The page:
Q&A with the hacker that scooped Twitter’s in-app tipping feature

Twitter is exploring a new feature that will allow users to tip someone through the user's profile.

This is the latest tech scoop from Jane Manchun Wong, the Hong Kong-based developer who reverse engineers apps to discover what large tech companies are building behind a cloak of code.

Who is Jane?

Jane finds hidden features in apps months before companies like Facebook, Instagram, and Spotify release the information to the public.
She then publishes the findings on her blog, where she's amassed a large following of people looking for what's next in tech.

One Instagram employee said Jane's insights are "a better source on projects going on across the company than internal comms."

In one of her biggest scoops, the 27-year-old revealed Instagram’s plans to hide likes two weeks before the company tested it publicly. She also brought to light that Spotify was experimenting with a “stories for playlists” feature more than five months before the company announced the feature. In her latest discovery, Jane revealed that Twitter is working to allow users to tip their favorite users.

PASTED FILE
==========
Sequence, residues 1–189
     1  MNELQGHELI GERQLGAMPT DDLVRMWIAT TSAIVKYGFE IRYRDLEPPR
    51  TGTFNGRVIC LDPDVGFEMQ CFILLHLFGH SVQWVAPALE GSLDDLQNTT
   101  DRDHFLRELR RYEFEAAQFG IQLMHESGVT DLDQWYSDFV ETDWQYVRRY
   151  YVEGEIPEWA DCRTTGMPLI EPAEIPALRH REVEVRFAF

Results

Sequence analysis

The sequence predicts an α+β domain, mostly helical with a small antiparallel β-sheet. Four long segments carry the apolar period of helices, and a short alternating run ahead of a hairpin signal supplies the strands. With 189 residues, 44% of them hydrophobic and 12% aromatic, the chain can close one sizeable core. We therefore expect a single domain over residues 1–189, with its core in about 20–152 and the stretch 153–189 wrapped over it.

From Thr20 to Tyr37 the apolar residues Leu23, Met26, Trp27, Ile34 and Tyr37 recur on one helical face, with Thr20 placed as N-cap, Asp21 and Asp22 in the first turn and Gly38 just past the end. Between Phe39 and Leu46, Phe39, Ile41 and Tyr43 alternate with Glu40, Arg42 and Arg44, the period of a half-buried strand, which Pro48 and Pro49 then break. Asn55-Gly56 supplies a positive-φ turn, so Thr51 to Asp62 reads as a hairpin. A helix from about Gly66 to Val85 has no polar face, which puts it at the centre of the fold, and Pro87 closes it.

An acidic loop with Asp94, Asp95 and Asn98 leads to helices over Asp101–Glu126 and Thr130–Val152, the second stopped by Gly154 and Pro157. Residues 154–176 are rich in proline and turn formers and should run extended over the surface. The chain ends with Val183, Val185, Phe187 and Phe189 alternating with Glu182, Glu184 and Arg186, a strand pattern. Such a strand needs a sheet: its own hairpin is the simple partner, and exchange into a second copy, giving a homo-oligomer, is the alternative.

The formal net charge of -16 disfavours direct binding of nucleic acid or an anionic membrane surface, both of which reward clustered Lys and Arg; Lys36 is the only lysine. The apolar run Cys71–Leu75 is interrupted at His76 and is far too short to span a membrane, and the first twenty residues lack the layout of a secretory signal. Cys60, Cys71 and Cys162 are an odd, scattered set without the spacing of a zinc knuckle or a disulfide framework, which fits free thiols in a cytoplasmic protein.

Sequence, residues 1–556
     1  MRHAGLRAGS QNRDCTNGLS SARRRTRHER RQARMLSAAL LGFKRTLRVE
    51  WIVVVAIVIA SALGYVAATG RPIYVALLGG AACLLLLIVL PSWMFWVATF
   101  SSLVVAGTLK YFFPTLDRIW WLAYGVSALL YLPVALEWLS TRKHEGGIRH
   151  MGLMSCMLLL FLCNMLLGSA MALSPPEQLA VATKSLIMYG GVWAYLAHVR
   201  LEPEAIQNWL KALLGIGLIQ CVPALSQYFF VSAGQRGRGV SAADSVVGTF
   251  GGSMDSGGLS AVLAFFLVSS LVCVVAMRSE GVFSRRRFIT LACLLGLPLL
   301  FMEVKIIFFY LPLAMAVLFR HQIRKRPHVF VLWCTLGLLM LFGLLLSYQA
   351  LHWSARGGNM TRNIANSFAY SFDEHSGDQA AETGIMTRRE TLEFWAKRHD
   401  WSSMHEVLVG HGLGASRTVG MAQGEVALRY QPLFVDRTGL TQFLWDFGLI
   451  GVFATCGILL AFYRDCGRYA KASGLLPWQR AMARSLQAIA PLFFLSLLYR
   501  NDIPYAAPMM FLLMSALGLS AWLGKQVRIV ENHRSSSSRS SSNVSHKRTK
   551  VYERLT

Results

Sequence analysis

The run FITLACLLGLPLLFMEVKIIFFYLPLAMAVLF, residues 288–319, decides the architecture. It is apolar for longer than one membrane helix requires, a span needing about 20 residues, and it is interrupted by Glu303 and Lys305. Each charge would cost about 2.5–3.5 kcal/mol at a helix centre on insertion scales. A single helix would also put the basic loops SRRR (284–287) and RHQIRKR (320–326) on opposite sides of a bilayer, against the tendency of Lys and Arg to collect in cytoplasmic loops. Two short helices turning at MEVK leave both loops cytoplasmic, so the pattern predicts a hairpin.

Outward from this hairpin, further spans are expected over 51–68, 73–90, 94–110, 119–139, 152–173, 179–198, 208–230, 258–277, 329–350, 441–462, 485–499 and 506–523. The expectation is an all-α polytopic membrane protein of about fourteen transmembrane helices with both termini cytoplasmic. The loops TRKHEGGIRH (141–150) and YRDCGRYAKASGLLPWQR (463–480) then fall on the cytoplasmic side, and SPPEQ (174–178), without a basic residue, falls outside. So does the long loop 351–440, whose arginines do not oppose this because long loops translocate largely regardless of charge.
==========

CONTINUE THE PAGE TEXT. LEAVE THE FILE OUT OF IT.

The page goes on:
Some companies have caught onto Wong’s detective work. Following a 2020 Instagram update, Jane found a peculiar feature in the code that was labeled “What’s up Jane?”

Tech execs have also taken note of Jane's sleuthing. Adam Mosseri, head of Instagram, and Andrew Bosworth, head of Facebook Reality Labs, are among her thousands of Twitter followers.

I caught up with Jane to talk about her inspiration, influences, and process of uncovering big tech's next moves.

Why do you like digging into apps?

I do this for fun. I don’t want to wait for the news to drop because I get so excited about what the features might look like in a few months. I was in college doing finals and found this entertaining. I started poking around the apps to learn how they run. It was an experimental thing. I find it very interesting.

What are your sources of inspiration?

Philippe Harewood. He’s a bug bounty hunter and a security researcher in Trinidad and Tobago. He posts a lot of Facebook bounty programs, and that opened my mind.